Why Your Readers Didn’t Share Your Last Blog Post (And What To Do About It)

Why Your Readers Didn’t Share Your Last Blog Post (And What To Do About It)

I saw a quote from someone recently that got me thinking about sharing blog post.

“In an ideal world our dear readers will share our posts instead of us, but until then we have to.”

There is a great deal of truth in this message. Until people know who you are, follow your every post and stay in the loop of every thing you do, you have to find your readers (and even once you have it is still your duty to find new readers). If you aren’t trying to find new readers then you shouldn’t be surprised that your readership is growing slowly if at all.

However, looking deeper into this comment there is a more important question to look at.

Why Don’t Your Reader Share Your Blog Posts?

No matter how large or small your readership is they should always be sharing your blog post. That doesn’t mean every member should share your blog post or they should share every blog post but if no one else ever shares your blog post then even if you get 1,000,000 readers (which I doubt) non of them will share your blog posts either.

Look at your last blog post…would you share that if someone else had written it? Really?

It’s a tough question to ask yourself and you might not want to admit that actually you wouldn’t share it. You mind might start on the defensive that the post was a good read and people enjoyed reading it (they even left comments) which can all be true…but would you share it? Maybe not.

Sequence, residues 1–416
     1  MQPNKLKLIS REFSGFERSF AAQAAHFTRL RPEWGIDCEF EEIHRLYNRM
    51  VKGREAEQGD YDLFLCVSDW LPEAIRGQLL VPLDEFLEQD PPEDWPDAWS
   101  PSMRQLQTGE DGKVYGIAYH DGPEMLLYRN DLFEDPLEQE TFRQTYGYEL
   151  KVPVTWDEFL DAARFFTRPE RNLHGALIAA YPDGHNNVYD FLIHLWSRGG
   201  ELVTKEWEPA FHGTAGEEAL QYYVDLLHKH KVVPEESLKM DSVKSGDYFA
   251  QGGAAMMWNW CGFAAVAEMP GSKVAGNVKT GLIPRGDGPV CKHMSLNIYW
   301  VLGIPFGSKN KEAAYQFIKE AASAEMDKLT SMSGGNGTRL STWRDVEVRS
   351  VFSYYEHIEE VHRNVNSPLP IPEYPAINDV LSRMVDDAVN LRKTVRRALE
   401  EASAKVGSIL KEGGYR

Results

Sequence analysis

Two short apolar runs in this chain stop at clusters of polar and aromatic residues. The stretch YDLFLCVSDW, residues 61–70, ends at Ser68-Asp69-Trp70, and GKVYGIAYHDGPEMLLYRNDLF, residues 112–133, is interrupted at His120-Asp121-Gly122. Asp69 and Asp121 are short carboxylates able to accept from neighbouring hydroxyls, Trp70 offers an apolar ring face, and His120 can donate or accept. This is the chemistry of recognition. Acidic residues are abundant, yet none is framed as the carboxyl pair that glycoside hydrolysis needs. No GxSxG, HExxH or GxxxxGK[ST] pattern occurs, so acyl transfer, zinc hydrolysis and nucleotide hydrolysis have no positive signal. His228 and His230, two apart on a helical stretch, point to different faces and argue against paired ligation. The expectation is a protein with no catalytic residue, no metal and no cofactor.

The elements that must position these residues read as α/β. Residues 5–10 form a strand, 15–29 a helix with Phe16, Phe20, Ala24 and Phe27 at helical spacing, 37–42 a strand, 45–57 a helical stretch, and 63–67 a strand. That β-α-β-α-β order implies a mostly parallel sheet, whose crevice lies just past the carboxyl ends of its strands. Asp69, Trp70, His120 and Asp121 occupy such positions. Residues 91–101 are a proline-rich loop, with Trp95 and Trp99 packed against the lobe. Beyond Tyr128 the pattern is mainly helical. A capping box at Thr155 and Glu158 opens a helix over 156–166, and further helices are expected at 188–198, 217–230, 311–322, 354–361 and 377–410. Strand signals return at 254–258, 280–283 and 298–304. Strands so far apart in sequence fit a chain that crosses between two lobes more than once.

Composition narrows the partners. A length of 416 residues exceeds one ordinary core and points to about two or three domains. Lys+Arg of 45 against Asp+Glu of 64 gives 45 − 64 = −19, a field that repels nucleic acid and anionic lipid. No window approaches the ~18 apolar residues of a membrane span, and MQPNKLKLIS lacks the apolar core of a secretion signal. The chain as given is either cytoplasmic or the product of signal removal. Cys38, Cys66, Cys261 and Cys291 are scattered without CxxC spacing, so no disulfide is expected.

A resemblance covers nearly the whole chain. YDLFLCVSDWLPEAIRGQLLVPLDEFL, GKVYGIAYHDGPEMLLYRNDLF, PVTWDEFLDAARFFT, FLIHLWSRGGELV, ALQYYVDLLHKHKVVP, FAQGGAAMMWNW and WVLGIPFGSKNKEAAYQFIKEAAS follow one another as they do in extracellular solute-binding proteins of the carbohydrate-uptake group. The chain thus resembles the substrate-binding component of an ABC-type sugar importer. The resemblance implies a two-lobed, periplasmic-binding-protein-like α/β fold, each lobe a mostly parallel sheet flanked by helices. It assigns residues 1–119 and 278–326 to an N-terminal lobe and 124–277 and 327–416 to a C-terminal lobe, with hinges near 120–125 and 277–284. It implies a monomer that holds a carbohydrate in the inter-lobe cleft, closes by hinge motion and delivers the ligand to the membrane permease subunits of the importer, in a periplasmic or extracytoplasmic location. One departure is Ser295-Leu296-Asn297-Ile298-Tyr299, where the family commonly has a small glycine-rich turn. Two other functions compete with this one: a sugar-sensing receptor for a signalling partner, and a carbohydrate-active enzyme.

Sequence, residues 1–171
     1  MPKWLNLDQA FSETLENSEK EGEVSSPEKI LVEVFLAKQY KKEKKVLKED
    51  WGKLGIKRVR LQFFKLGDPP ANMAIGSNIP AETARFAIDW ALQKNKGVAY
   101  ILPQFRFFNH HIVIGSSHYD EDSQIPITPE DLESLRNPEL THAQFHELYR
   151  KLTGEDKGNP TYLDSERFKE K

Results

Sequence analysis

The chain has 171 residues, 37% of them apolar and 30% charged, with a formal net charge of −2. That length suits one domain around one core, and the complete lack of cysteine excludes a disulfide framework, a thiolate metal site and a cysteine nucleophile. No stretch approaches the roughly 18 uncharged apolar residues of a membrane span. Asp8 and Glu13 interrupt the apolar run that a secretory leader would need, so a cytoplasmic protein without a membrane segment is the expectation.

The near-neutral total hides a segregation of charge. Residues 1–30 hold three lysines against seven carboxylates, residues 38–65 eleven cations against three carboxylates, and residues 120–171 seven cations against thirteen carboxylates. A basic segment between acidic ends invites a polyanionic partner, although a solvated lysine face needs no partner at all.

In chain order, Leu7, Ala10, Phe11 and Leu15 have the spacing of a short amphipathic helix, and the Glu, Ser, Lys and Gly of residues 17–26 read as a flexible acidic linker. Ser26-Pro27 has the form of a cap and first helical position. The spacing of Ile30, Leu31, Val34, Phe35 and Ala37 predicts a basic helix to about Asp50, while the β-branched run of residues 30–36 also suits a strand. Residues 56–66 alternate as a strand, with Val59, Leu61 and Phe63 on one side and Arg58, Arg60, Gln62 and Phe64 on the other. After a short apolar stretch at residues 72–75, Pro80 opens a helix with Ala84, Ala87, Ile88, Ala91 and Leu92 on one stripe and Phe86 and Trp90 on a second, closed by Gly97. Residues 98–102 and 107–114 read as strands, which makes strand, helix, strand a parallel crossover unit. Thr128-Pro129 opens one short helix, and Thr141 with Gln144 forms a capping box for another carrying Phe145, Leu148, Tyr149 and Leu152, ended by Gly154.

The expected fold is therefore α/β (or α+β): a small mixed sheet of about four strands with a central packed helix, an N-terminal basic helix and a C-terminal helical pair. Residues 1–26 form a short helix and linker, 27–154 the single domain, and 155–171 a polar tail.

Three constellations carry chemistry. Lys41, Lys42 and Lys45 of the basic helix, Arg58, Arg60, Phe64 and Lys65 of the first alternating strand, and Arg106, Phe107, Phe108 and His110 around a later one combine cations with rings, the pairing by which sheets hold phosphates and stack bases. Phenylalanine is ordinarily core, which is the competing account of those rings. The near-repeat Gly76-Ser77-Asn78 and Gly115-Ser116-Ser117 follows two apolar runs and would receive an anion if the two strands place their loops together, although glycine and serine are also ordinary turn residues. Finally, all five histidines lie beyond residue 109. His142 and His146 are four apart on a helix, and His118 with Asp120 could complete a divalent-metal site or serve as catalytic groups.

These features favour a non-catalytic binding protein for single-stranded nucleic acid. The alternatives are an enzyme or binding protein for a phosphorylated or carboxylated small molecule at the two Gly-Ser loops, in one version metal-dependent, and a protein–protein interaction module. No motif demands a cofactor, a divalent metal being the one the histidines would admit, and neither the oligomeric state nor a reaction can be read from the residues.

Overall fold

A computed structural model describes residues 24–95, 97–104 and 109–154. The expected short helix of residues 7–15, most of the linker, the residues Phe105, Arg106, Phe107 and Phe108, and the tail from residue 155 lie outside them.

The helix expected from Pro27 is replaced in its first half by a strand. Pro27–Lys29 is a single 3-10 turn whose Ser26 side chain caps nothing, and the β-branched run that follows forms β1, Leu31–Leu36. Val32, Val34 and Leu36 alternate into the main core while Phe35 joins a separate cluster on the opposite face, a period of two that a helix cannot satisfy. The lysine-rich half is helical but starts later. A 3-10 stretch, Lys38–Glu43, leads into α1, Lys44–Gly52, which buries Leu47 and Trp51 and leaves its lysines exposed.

Why People Share Online

You might think that people tend to share things to help others or because they like the writer but in general that’s not true.

People share things that make them look better

Every time you share something online you risk a bit of your social currency. If you share something good or of value then you gain a return on the currency you spent. If you share something bad that people don’t like then you make a loss. In general you make wins and losses across different people with each update and so people don’t just share everything or anything (and if they do people ignore them).

Except when it comes to what you’ve made.

When you share something you’ve made you are always willing to risk it because it relates to you, people should be more interested and accepting. You can’t see the objective value or if other people would share it.

If you haven’t written something and you read it then you may really like it and greatly enjoy it but you still don’t share it because it won’t make you look good to your social network. That’s why people don’t share your writing.

The Six Things People Will Risk Social Currency For?

There are a few things people tend to risk their social currency  Of course not everyone is motivated to share the same things and some people will be more motivated by different factors but generally we can group them into six things.

1. Amazing or Noteworthy Things

Something that simply wows people. You can’t believe how incredible this is and so you have to show it off. The more impressive it is the more people want to remember it and pass it on.

2. Controversial or Outrageous Things